Skip to content

Trump Blasts Obama, Says Smooth Transition Not Possible

President-elect takes issue with outgoing administration's Israel policy

President-elect Donald Trump (L) talks after a meeting with U.S. President Barack Obama (R) in the Oval Office Nov. 10. Trump on Wednesday slammed Obama and said a smooth transition is not possible. (Photo by Win McNamee/Getty Images file photo)
President-elect Donald Trump (L) talks after a meeting with U.S. President Barack Obama (R) in the Oval Office Nov. 10. Trump on Wednesday slammed Obama and said a smooth transition is not possible. (Photo by Win McNamee/Getty Images file photo)

Updated as of 5:29 p.m. | The United States might not have such a civil transition of power after all.

Donald Trump, set to be sworn in on Jan. 20, used his preferred form of communication — Twitter — to slam outgoing President Barack Obama on Wednesday for what he sees as overly critical statements.

Trump wrote that he is “doing my best to disregard the many inflammatory President O statements and roadblocks.” The businessman and former reality show host then proclaimed an end to what had been a transition process with few public jabs with Obama. But later in the day, he seemed to contradict himself. 

Obama, before it was known which party won the White House, set in motion orderly changes necessary for a new administration, a top priority for his staff during his final year. While there were some public disagreements on policy matters, as well as differing assessments on whether Russia meddled in the election, Obama used part of his year-end press conference earlier this month to promise a drama-free transition.

“I think they would be the first to acknowledge that we have done everything we can to make sure that they are successful as I promised. And that will continue,” Obama said. “And it’s just been a few days since I last talked to the President-elect about a whole range of transition issues. That cooperation is going to continue.”

Obama continued: “There hasn’t been a lot of squabbling.”

[In Recent Remarks, Obama Crafts How-To Manual for Trump]

That, however, changed Wednesday morning when Trump clicked the tweet button.

“Thought it was going to be a smooth transition — NOT!” the president-elect wrote at the end of his first post.

But he wasn’t finished, taking Obama and his foreign policy team to task for what the incoming commander in chief says is an anti-Israel policy that culminated with a recent United Nations condemnation of the Jewish state’s settlements in Palestinian territory.

Trump hammered the Obama administration as not being a friend to Israel, tweeting that it has shown “total disdain and disrespect” to the longtime U.S. ally.

He also said that the pact the U.S. and other world powers struck with Iran to halt its nuclear arms program marked “the beginning of the end” of the U.S.-Israel alliance — but quickly added that will change come Inauguration Day.

Trump’s incoming communications director and press secretary, Sean Spicer, told reporters Wednesday that Obama administration officials have been “generous with their time” during the transition. He added that he expects Trump and Obama will continue to speak “fairly regularly.”

Trump told reporters in Florida late Wednesday that he appreciated a telephone call from Obama, describing the talk as a “general conversation” and “very, very nice,” and contradicting his tweets from earlier in the day.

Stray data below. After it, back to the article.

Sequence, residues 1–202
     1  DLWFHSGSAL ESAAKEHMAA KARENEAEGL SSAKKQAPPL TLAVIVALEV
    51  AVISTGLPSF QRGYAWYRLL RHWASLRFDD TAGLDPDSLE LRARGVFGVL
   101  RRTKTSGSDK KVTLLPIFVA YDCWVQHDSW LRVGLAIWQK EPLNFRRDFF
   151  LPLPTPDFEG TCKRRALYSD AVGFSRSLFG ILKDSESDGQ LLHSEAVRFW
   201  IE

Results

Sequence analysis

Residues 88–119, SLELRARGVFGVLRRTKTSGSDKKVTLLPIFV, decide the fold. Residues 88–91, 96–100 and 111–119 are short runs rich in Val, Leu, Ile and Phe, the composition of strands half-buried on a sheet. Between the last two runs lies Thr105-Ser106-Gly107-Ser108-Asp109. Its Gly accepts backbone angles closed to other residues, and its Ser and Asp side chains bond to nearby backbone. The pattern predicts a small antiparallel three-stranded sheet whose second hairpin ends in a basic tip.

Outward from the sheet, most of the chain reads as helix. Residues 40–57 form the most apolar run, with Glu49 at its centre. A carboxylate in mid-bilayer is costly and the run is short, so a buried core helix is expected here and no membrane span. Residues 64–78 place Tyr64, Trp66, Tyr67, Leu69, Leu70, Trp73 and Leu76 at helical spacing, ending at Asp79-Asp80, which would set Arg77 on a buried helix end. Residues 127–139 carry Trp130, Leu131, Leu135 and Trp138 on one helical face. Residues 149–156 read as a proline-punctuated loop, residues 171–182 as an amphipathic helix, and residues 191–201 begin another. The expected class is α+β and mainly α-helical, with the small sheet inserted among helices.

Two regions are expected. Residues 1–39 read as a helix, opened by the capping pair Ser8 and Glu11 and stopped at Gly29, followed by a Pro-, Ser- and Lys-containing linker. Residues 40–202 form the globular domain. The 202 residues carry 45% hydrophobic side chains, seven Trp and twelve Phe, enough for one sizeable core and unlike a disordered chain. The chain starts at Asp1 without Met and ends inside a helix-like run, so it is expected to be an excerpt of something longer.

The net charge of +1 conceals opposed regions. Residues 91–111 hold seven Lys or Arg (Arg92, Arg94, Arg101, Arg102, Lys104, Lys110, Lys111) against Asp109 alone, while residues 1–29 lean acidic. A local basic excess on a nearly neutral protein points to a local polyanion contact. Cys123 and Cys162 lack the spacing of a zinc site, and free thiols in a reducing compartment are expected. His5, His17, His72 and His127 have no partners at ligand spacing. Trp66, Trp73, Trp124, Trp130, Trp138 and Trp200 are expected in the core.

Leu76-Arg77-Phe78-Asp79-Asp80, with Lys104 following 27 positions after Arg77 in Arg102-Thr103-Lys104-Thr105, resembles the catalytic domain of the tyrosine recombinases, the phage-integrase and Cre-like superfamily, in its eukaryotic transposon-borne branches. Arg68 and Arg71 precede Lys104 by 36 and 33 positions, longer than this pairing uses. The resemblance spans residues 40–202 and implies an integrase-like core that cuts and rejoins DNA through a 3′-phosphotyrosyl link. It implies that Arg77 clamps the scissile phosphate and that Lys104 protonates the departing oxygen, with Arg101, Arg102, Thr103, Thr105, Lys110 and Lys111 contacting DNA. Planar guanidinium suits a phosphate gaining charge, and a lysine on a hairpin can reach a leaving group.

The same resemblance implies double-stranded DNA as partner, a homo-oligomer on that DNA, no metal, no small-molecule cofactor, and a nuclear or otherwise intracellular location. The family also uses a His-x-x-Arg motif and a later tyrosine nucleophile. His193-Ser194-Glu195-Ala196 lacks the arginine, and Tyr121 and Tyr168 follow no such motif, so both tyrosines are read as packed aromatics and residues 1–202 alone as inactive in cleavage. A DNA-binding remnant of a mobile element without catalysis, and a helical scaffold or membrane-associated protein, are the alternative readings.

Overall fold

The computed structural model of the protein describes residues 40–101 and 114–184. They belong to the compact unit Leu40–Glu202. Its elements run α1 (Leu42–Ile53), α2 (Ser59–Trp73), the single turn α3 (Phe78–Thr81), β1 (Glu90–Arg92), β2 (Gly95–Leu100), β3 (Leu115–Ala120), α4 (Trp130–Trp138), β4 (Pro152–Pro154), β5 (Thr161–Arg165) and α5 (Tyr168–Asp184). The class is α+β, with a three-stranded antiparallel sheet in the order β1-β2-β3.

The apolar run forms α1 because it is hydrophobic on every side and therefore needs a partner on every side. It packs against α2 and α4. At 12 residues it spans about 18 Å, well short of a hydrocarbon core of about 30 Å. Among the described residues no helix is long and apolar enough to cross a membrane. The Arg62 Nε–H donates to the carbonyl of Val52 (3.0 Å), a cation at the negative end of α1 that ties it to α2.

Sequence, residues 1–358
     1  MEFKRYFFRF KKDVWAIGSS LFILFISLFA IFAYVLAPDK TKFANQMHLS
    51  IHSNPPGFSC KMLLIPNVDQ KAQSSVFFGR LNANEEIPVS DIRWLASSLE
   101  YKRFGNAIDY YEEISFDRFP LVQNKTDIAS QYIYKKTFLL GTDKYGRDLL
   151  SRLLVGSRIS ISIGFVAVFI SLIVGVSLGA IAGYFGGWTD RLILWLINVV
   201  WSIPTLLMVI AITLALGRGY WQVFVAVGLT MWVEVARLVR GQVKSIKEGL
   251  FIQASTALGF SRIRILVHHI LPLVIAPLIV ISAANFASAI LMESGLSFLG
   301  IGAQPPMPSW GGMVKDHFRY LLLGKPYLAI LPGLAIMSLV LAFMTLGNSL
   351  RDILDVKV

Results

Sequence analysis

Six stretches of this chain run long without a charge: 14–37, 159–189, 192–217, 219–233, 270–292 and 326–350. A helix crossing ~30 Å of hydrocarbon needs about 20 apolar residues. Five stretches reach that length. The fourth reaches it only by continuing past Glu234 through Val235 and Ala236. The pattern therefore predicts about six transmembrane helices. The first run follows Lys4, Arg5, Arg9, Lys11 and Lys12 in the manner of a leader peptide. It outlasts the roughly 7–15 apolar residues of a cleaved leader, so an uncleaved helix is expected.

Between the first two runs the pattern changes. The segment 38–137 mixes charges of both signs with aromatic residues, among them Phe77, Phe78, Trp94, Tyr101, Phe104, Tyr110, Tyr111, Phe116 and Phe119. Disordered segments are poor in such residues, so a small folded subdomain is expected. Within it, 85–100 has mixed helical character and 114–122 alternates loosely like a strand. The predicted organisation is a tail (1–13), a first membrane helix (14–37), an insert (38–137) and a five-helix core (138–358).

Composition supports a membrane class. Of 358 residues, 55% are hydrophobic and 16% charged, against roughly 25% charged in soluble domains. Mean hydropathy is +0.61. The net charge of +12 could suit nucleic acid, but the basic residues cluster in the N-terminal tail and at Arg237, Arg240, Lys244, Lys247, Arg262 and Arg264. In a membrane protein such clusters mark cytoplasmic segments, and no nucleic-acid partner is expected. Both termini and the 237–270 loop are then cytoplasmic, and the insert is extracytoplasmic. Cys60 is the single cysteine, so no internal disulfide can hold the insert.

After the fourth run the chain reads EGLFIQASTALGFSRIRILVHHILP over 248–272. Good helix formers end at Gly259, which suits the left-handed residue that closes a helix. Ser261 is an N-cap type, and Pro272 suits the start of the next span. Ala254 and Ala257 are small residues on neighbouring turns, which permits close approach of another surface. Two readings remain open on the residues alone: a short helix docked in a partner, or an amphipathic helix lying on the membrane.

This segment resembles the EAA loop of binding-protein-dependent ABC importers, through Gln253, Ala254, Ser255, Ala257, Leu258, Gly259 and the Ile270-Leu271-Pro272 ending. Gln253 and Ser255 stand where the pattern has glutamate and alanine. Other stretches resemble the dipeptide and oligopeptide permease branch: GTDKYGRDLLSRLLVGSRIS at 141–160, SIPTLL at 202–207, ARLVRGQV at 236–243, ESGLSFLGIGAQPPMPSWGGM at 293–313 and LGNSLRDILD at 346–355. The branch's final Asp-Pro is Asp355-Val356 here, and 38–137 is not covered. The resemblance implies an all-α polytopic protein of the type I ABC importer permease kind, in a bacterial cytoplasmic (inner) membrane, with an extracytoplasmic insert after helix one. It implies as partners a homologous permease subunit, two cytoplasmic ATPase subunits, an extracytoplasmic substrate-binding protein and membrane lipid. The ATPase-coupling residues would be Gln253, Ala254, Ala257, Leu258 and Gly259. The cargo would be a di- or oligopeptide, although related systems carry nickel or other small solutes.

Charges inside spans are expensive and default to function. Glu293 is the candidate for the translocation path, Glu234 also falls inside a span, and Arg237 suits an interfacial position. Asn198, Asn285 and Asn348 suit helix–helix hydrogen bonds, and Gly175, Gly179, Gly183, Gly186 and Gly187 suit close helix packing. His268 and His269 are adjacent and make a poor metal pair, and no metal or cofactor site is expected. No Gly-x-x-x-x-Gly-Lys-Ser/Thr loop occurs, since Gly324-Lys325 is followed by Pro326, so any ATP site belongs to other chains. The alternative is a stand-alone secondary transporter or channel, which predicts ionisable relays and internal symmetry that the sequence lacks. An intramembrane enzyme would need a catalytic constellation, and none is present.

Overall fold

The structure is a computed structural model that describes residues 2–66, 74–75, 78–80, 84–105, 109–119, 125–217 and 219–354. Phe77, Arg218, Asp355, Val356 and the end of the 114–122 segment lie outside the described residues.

“I think it’s going very, very smoothly,” Trump said when he briefly emerged from meetings at his Florida golf resort when asked about his morning tweets.

The Trump social media posts came less than 24 hours after Obama, as he has done numerous times since Election Day, appeared to deliver a thinly veiled message to his successor about what many viewed as Trump’s nationalistic and isolationist statements during the campaign.

“It is here that we remember that even when hatred burns hottest, even when the tug of tribalism is at its most primal, we must resist the urge to turn inward,” Obama said Tuesday in Pearl Harbor, Hawaii, flanked by Japanese Prime Minister Shinzō Abe.

“We must resist the urge to demonize those who are different,” Obama said. “The sacrifice made here, the anguish of war, reminds us to seek the divine spark that is common to all humanity. It insists that we strive to be what our Japanese friends call otagai no tame ni — with and for each other.”

Obama and his top aides often describe the administration’s stance on Israeli settlements as tough love for one of America’s closest partners. They also frequently note that U.S. military aid to the Jewish state has hit record levels during Obama’s tenure in the White House.

Earlier this year, for instance, the Obama administration and Israeli government inked a $38 billion military assistance package. The deal, which spans over a decade, is believed to be the largest such pact ever between two countries. It includes additional F-35 fighter jets, more missile defense equipment and additional aid for Israeli ground troops.

[Bombastic Candidate Absent When President-Elect Trump Meets Obama]

In a statement, Obama said that military package “is just the most recent reflection of my steadfast commitment to the security of the state of Israel.” The military hardware will make “a significant contribution to Israel’s security in what remains a dangerous neighborhood,” he said. “The continued supply of the world’s most advanced weapons technology will ensure that Israel has the ability to defend itself from all manner of threats.”

Recent Stories

Biden touts veterans care in state he can’t afford to lose

Pentagon pursuing Russian use of Musk’s Starlink terminals

Capitol Ink | MAGA spinoff

Senate AI ‘road map’ potentially a dangerous detour, critics say

‘I’m totally devastated’: Hill cafeteria worker recalls carjacking

Spared angry protests at Morehouse, Biden pushes post-war Gaza plan